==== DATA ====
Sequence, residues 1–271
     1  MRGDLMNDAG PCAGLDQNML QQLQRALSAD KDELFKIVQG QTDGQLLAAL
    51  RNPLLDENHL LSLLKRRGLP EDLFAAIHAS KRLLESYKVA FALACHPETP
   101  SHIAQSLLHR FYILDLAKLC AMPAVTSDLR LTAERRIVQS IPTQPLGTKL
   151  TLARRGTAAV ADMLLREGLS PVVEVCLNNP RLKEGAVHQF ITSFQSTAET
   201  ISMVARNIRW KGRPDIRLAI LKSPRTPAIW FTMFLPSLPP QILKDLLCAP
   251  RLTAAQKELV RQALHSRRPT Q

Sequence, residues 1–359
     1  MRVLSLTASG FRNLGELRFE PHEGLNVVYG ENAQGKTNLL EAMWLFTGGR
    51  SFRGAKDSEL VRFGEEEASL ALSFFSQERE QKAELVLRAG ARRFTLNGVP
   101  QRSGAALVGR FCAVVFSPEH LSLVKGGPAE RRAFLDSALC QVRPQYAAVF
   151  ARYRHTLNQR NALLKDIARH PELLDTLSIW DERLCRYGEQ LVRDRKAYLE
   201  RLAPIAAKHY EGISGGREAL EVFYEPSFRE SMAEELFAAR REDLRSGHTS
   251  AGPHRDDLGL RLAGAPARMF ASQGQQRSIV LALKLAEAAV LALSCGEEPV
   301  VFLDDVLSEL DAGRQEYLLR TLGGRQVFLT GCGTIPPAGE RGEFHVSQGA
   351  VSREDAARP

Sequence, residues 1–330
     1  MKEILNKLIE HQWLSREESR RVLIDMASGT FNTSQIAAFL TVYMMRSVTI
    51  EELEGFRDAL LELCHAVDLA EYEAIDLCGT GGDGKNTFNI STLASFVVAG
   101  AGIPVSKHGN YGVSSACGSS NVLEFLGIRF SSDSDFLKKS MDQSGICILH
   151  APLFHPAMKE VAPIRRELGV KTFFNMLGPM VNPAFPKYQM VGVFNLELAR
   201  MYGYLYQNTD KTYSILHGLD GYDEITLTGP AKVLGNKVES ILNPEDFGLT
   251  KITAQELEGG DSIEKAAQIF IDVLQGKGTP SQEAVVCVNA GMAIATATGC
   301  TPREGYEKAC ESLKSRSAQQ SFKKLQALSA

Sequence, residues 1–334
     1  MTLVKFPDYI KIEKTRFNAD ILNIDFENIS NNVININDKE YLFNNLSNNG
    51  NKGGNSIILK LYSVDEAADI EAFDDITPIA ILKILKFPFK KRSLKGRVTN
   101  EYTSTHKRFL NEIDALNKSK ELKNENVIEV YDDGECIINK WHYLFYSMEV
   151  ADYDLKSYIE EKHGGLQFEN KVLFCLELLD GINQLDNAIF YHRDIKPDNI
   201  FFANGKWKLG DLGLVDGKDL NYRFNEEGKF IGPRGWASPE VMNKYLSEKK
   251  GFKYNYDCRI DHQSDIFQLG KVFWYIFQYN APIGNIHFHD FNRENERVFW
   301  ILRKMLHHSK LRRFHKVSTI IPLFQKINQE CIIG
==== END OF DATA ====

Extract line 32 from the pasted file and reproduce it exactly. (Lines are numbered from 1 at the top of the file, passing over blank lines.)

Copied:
   301  ILRKMLHHSK LRRFHKVSTI IPLFQKINQE CIIG